The nationwide rollout of the early intervention programme furthers the commitment to the NHS Long Term Plan, to improve access to adult eating disorder services. This will see the NHS expanding the availability of early intervention services, increasing access and reducing waiting times to support improved clinical outcomes for young adults with eating disorders. NHS England and NHS Improvement has provided £630,000 in funding during 2020/21 to 18 new sites rolling out an early intervention service.
Magdalene Sampson, Clinical Psychologist at Greater Manchester Mental Health NHS Foundation Trust said: “Eating disorders can ruin the lives of young people so it’s vital that we provide support as quickly as possible to prevent a devastating impact on our young adults.
“We’re excited to be launching FREED and hope that with this new approach those in Salford who are experiencing symptoms of an eating disorder will be able to access a rapid, evidence-based intervention before the condition disrupts their lives physically, socially, and emotionally.”
Health Innovation Manchester, the organisation responsible for accelerating innovation into health and care in Greater Manchester, is supporting the national adoption of evidenced based models including FREED as part of the Academic Health Science Network.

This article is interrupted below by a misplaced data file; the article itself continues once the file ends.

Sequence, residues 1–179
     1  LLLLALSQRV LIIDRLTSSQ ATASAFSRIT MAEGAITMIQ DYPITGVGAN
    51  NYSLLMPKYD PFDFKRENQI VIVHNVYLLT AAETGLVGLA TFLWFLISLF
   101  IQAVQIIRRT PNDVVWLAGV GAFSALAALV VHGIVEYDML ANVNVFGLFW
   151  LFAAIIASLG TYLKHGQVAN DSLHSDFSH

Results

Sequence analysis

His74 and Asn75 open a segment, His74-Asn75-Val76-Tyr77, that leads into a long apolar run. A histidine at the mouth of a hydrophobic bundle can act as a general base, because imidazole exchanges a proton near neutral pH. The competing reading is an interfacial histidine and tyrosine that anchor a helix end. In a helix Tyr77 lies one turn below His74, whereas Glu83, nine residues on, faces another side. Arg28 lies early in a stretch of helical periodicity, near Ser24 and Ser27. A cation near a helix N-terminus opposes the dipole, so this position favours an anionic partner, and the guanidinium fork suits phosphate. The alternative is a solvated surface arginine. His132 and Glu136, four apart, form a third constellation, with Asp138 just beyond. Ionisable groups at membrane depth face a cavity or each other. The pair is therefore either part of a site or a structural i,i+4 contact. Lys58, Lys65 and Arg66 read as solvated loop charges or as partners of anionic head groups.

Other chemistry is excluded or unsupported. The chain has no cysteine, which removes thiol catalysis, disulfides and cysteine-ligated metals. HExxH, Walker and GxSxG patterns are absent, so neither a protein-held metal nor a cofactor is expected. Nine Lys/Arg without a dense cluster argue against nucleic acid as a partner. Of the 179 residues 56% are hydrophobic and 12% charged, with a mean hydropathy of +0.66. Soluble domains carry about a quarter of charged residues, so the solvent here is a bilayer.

Amanda Risino, Chief Operating Officer for Health Innovation Manchester and Academic Health Science Network Early Intervention in Eating Disorder National Programme Chair, said: “Early intervention in eating disorders is shown to lead to substantial improvements in clinical outcomes at a critical time of transition and development, and is highly acceptable to both patients and families. The AHSN Network, through our National Early Intervention in Eating Disorders Programme, will be supporting implementation at these 18 new sites, in addition to our work with all Eating Disorder services across England interested in adopting an early intervention model of care for this age group.”
The service is also commissioned and funded by NHS Salford Clinical Commissioning Group (CCG).
Jenny Walton, Salford CCG Clinical Lead for Mental Health said: “Salford CCG is pleased to be able to increase our investment in the existing commissioned community eating disorders service to provide this vital support for young adults in Salford experiencing an eating disorder. The ability to quickly access evidence-based support is particularly important for people in the early stages of their illness, given the serious physical and mental health implications for the young person and their family. This service will offer vital support to people as early as possible, helping to improve people’s recovery journey”.
GMMH Eating Disorder Service will also be launching FREED in Manchester and Heywood, Middleton and Rochdale in early 2021. The service is hopeful of FREED being available in the other areas of Greater Manchester where GMMH provides the service and commissioners have been very positive about this development.